Even in the Face of All Evidence
Yesterday I found myself embroiled in a very interesting situation, one in which all hard evidence pointed to the fact that I was a deranged psychotic maniac. Whilst I do not deny, your honour, that every now and again I have flashes of this persona if someone fills the sink up too much during dry times for example or if my tools get left out in the rain (by me) or if I see a child suffering at the hands of an adult - but yesterday, I swear, was not one of these times! Despite the scenario resulting in several rounds of abuse (toward me) and in one woman being so afraid she had to pull over in her car and start crying, I your honour was framed!
It all began when I finished teaching my 9:30 class in Byron and jumped in the car toward town. Everything was going smoothly along the straight but at the first bend my car turned against me - it became the Universe's own device for my evolution. All of a sudden the car's horn went off. I drive a diesel van to accommodate a brood that can play a half court of hoop without any blow-ins, so this vehicle doesn't beep, it seriously HONKS. At first it was merely strange and for about 5 more mins at each bend, it was somewhat humorous...until I hit town - a town made of roundabouts. Around each bend the vehicle honked and with every honk, even to me, it seemed increasingly aggressive. People were starting to look, drivers in front were starting to react. I tried driving with my knees, hands in the air taking the 'I surrender' position to prove that it was my vehicle that was pathological, not I. But there's only so much curve one can accomplish with a pair of patellas before one is no longer going round the roundabout. I pretended with each beep to be waving to someone beside me in a different car but as the journey went on the honks became extended in length and coupled with my mad waving and big false grin to my false friends - things were looking worse. With still 30 kms until my final destination and folks getting angrier, I began to realise that I was under real threat of becoming a victim of road rage. Around the next bend a gentleman was crossing the road, he was nowhere near me yet still the car honked. The man stopped, stuck his middle finger up, told me I was an expletive undesirable whilst I drove by yelling to him (which seems now in hindsight more like at him) about the exorcist tendencies of my van and apologizing profusely. By this stage I was getting stressed. Mums with kids were getting worried in the cars in front as I honked over and over and over again - the more I slowed down to create more space between us, the more they did too - clearly concerned that there was a major drama that required their immediate attention and a much slower speed. At one point along a particularly winding road, that is regularly deserted but of course not today, a very cautious driver pulled out in front of me not far ahead. Around every corner the car honked and with each maniacal toot the more the lady hit the brakes, until eventually she pulled over. I pulled up beside her apologizing and explaining - she was in tears! So scared she was of this aggressive driver behind, that when I pulled up beside her she had feared for her safety! I felt so bad. I explained the situation and she burst into laughter: relief and comedy rolled into one - instantly she became my ally. 'I'm on my way to the mechanics right now!' I told her. 'Light speed you poor weirdo, may the road rise up to meet you and your horn be permanently throttled!' ' She said in the poetic license of my mind,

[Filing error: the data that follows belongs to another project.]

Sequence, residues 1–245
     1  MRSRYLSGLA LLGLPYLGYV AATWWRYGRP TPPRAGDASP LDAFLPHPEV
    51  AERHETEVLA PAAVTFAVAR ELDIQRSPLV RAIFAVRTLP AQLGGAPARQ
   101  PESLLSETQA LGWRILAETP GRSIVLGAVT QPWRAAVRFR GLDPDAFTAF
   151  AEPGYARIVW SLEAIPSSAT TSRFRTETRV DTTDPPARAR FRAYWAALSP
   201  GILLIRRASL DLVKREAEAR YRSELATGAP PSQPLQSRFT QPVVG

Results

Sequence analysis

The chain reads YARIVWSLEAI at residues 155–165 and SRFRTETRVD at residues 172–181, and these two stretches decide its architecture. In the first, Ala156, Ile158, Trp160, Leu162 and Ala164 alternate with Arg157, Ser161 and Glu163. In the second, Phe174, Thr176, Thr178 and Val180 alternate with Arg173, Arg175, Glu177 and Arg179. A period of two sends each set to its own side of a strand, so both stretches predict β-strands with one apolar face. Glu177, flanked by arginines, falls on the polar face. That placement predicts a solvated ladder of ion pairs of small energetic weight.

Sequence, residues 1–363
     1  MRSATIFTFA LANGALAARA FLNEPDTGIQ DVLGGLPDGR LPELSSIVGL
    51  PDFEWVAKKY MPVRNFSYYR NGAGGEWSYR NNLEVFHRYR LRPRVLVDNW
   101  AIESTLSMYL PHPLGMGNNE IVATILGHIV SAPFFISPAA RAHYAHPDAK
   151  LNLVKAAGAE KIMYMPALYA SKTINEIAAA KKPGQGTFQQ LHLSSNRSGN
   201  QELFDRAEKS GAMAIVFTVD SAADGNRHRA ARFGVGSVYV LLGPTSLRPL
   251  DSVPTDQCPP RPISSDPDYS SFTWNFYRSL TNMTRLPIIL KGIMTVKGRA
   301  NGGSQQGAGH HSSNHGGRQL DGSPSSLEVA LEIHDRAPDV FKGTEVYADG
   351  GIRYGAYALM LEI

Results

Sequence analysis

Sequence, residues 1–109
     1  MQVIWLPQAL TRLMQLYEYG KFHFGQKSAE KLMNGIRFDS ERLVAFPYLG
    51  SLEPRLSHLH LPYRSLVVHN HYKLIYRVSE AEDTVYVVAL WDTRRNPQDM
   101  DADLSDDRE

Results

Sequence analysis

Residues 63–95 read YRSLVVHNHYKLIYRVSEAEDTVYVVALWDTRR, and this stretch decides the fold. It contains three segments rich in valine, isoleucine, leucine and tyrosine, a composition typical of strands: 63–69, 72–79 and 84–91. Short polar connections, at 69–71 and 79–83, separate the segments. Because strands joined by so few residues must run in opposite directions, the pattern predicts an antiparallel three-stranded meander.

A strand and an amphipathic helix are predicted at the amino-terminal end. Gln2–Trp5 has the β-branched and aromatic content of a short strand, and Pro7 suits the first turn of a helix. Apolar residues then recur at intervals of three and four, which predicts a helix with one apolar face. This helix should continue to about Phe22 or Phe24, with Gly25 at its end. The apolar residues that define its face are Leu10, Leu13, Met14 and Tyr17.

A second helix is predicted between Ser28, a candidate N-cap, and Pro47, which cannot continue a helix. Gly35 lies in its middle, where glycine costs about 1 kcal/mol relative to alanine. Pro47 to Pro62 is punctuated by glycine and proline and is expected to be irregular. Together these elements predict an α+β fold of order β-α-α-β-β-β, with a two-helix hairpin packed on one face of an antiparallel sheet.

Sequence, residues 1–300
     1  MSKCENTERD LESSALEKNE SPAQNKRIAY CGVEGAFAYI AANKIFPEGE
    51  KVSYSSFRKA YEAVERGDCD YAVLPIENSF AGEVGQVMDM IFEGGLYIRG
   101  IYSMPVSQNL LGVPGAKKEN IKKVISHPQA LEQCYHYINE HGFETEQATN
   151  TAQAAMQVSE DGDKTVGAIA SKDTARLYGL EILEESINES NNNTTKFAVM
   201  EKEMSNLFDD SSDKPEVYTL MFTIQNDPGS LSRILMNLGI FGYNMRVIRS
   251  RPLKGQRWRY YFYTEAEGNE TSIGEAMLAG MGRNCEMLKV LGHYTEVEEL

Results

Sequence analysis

By the time I reached George I was flabbergasted at how such a silly situation could be the cause of so much emotional suffering. 'Pull the horn off!' I declared to my saviour mechanic, wanting to be sure that the same thing could never happen again. 'How about I just disconnect instead, eh', said George with the wisdom of a man who understands 'street legal'. As I drove away gleefully pressing the horn that made no sound, I thanked the Universe for George and for the lesson NOT TO JUDGE - a reminder that no matter how hard the evidence, to stay calm, optimistic and compassionate. For despite the most clear cut of scenarios, you just never know when someone's horn is being used as an instrument for the greater good.